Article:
Just. Walk.

IMGP4158 Sometimes my kids make squirrel herding sound easy.

What is it in kids that makes them zigzag back and forth while walking, makes them climb every set of steps, and tip toe across low retaining walls, and swing around the sign posts?  What makes them take a dead stop right under your feet or walk backwards or make mad dashes that knock a sibling over?

We walked home from a church gathering tonight and as usual the children were scampering everywhere, catching lightning bugs, wrestling, and carrying on.  Sometimes this makes  me smile the benevolent smile of a content mama.  Other times it makes me cranky and weary.  “JUST.  WALK.  FOR.  THE.  LOVE,” I’ll bite out between clenched teeth, like enunciating would soften my words too much.  Some days I just can’t handle one more moment of exuberant wildness.

This pregnancy has been a rough one; lots of exhaustion and nausea, probably exacerbated by taking care of four other high-energy little ones.    Not trying to complain, but it helps to frame why my reserves of patience and good humor are running on fumes.  But just here is a place where deep change can be wrought.  Just here where the world would say, “Yeah, see?  THAT’S why I’ll never have that many kids.”  Just here where suffering is taken to be an altogether horrid and avoidable thing.

I get cranky when I fast.  My temper grows short and I feel like a walking ball of irritation.  How does a grumbly tummy cause such a sour attitude?  Because we are mind, body, spirit, not divided in neat boxes but smeared all through and through.  A sad thought produces our eyes to drip.  Embarrassment flushes our face red.  An empty belly makes us hangry (hunger-angry).  But I don’t avoid fasting because it’s unpleasant; I know too well the humbling that chastens my heart as I see my sins so very un-masked, so very laid-bare.  Because we feel we are awfully good and nice when we’re well-fed and feeling super.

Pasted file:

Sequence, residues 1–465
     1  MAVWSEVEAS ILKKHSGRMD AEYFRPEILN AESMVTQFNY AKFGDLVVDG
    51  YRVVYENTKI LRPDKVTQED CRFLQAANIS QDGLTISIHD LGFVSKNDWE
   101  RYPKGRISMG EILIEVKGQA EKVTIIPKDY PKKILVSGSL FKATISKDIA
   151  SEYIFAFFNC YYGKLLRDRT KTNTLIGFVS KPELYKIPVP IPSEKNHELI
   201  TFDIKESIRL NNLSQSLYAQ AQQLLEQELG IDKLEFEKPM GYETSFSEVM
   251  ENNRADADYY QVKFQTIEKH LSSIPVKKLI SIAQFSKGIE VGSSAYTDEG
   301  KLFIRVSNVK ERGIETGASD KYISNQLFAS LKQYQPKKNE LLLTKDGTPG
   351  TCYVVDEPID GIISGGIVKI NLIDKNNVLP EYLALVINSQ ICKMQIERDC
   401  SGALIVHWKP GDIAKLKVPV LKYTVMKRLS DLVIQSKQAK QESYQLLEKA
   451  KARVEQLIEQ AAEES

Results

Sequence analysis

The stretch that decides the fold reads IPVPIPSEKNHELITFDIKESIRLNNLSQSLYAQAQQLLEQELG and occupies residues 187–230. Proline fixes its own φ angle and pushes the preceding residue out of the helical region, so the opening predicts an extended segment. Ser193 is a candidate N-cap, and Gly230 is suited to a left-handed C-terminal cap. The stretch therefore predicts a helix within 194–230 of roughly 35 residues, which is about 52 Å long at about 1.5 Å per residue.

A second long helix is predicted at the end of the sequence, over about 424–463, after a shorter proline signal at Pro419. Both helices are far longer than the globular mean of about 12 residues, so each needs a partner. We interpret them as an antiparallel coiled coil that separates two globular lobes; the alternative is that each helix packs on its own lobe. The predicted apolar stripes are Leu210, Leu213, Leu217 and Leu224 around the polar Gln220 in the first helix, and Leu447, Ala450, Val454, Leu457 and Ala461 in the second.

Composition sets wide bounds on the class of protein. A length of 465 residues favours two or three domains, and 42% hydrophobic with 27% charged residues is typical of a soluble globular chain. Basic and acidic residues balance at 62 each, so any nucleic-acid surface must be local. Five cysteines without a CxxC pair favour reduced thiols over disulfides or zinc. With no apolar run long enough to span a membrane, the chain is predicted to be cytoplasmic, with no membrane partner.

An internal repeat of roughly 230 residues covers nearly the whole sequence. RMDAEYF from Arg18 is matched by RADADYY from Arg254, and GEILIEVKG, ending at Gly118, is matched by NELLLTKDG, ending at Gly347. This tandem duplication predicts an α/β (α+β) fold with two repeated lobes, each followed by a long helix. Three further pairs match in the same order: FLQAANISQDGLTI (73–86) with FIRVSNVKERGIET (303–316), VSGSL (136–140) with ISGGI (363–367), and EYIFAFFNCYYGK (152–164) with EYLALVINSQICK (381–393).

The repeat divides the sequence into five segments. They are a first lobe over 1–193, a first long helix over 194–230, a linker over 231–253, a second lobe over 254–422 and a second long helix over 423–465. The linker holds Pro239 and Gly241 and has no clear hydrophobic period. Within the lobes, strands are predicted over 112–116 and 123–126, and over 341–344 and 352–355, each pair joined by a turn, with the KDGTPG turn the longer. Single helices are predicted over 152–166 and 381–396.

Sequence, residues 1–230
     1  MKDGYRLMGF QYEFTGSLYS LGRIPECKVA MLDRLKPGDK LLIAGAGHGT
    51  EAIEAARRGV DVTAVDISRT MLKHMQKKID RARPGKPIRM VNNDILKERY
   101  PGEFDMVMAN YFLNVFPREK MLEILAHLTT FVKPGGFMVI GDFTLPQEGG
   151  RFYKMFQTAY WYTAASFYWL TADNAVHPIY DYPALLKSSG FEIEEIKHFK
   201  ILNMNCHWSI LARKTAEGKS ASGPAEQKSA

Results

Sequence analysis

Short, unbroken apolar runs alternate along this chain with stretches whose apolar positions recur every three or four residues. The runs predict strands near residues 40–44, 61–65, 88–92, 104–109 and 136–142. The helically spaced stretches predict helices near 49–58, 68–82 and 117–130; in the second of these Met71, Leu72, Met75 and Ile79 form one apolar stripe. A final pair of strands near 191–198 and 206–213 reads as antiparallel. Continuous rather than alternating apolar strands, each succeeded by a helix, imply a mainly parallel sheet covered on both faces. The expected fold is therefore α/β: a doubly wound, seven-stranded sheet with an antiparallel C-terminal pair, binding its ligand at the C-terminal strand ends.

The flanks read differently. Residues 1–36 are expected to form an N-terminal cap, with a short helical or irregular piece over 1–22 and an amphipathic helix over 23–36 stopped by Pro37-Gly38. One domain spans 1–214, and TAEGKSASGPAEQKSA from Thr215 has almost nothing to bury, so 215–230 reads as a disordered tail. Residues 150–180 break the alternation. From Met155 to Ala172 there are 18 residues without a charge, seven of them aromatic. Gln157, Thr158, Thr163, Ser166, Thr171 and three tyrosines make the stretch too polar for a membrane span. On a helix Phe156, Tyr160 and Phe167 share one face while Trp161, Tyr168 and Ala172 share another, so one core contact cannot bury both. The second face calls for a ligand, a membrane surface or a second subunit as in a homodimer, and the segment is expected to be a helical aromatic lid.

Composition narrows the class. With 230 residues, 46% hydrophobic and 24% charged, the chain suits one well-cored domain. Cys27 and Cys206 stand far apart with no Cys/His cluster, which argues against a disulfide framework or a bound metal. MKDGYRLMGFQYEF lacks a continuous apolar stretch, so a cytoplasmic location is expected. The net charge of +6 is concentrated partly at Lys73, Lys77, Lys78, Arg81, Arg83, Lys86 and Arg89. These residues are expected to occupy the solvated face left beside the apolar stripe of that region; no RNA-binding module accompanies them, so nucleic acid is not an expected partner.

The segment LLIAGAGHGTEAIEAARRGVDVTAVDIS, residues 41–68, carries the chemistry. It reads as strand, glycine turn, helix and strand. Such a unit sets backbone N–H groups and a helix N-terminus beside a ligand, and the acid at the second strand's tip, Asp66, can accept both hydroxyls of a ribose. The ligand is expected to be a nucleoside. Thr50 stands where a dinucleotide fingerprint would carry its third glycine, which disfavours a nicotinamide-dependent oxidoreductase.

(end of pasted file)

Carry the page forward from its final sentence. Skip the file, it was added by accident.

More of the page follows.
Suffering, if not run from, if borne well, can serve our souls.  Through it God trains and breaks our whining flesh, making us stronger from the inside out.  He causes us to know our selfishness, our self-centeredness, our weaknesses thoroughly.  Knowing them, we can watch out for the rearing of their ugly heads.  We are awake.  Pain awakens.

The breaking of the alabaster box and the anointing of the Lord filled the house with the odor, with the sweetest odor. Everyone could smell it. Whenever you meet someone who has really suffered; been limited, gone through things for the Lord, willing to be imprisoned by the Lord, just being satisfied with Him and nothing else, immediately you scent the fragrance. There is a savor of the Lord. Something has been crushed, something has been broken, and there is a resulting odor of sweetness. –Watchman Nee

 

If thou art willing to suffer no adversity, how wilt thou be the friend of Christ? –Thomas à Kempis

 

We all know people who have been made much meaner and more irritable and more intolerable to live with by suffering: it is not right to say that all suffering perfects. It only perfects one type of person …… the one who accepts the call of God in Christ Jesus. –Oswald Chambers

 

But pain insists upon being attended to. God whispers to us in our pleasures, speaks in our conscience, but shouts in our pains: it is His megaphone to rouse a deaf world. –C.S. Lewis

My husband has little caches of Aleve all over our vehicles, our home.  When he gets a twinge of headache, he pops a few.  He doesn’t want the pain, so he avoids it.  He has no patience with his wife, who flatly refuses to do likewise.  “The pain is information,” I say, “My body is telling me something.”  So I’ll go lay down, drink water, be quiet.  Both choices are valid, but not when we do the same spiritually.  When we categorically avoid doing things which might involve suffering.  When we don’t listen to the pain, nor to the God who permitted it to cross our paths.

I walked a mile with Pleasure
She chattered all the way;
But left me none the wiser
For all she had to say.

I walked a mile with Sorrow
And ne’er a word said she;
But oh, the things I learned from her
When Sorrow walked with me.

Robert Browning Hamilton

So when the squirrely children have worked on my last nerve, when I can feel anger pouring up my throat, and feel my tongue poised, ready to strike, just there, I can breathe a prayer past all that black, a prayer that God would help me, enable me, fill me, that He’d give me the grace to suffer well, to love well, to persevere.

And God smiles, ready to help.

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